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  • Print publication year: 2015
  • Online publication date: June 2021

Introduction: Contemporary German-Language Literature and Transnationalism

Summary

TRANSNATIONALISM IS “not new and has been around since ancient times,” Michael Howard reminds us. Yet in the contemporary era the “ties, interactions, exchange and mobility” that connect across and between nations, Steven Vertovec argues, “function intensively and in real time while being spread throughout the world.” Economic globalization, instantaneous electronic media, and the movement of millions around the globe today appear to be rendering national borders—and the cultures, polities, and frameworks of understanding that they are imagined to contain—more porous than ever before.

Transnationalism—understood in this volume as a plurality of intersecting, and crosscutting flows of products, ideas, and people back and forth over borders—presents a number of challenges to scholars working in the humanities and social sciences. How are they to conceptualize transnationalism beyond the conventional focus on the experience of those “minority” individuals or groups who span two or more cultures as migrants, refugees, or exiles? That is, how can they move beyond a focus on diasporic formations, hybridity, or notions of center and periphery in order to theorize how contemporary transnationalism's characteristic multidirectionality and saturation of all aspects of everyday life, from consumption to culture, impacts everyone, whether “settled” residents of a given national space or transient “guests”? How can they best conceptualize the nation's continued salience—the persistence of the nation in transnationalism—for its citizens, and for those it refuses to accept as such? And how are they to rethink the nation's continued centrality to persistent global imbalances in economic, geopolitical, and military power, even as transnationalism appears to weaken that nation's claim to be sovereign?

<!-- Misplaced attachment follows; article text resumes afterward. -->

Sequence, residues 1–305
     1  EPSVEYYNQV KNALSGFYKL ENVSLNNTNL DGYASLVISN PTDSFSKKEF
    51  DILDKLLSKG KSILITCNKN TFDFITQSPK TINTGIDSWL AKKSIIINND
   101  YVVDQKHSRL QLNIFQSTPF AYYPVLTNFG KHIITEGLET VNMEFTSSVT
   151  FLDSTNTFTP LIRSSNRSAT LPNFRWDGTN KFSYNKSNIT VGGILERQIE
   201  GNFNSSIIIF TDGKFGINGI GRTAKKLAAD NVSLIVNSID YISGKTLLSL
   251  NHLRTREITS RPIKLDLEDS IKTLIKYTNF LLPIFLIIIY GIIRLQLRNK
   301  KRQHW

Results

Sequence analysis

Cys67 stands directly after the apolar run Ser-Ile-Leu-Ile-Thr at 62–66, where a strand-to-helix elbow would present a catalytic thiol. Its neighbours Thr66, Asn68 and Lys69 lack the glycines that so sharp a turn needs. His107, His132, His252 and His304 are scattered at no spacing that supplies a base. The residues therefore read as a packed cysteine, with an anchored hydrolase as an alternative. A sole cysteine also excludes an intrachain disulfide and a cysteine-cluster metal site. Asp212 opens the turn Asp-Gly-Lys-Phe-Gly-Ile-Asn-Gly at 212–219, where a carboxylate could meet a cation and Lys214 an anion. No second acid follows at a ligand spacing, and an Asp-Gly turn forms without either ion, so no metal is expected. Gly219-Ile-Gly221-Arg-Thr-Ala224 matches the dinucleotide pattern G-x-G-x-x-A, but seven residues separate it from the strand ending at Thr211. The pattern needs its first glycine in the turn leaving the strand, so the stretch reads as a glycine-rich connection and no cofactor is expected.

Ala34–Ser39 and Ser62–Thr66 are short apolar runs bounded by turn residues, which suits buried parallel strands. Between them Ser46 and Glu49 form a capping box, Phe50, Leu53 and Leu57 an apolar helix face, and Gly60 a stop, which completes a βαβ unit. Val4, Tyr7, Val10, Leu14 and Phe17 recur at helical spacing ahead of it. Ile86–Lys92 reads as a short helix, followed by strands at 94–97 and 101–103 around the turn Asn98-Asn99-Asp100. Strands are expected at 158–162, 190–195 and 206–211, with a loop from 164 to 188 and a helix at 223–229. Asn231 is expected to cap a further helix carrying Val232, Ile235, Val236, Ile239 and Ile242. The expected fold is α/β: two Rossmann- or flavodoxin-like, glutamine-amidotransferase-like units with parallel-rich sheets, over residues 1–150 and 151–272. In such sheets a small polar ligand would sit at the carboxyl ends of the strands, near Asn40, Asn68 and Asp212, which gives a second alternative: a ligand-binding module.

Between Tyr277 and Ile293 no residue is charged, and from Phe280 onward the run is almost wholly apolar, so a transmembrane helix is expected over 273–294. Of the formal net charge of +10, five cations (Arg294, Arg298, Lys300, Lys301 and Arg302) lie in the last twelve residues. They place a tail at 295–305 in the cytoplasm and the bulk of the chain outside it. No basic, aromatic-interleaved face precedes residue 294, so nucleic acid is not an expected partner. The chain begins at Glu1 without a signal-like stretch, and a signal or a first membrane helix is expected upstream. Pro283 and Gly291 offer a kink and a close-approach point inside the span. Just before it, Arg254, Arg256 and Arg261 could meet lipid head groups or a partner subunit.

For literary scholars, specifically, the reality of contemporary transnationalism prompts us to think more closely about the ways fiction written in a particular time and in a particular place—in the context of this volume, in the German-speaking countries—connects to, circulates through, and is rechanneled by global patternings and global debates on identity, mobility, hospitality, universalism, self-forming, and cosmopolitanism.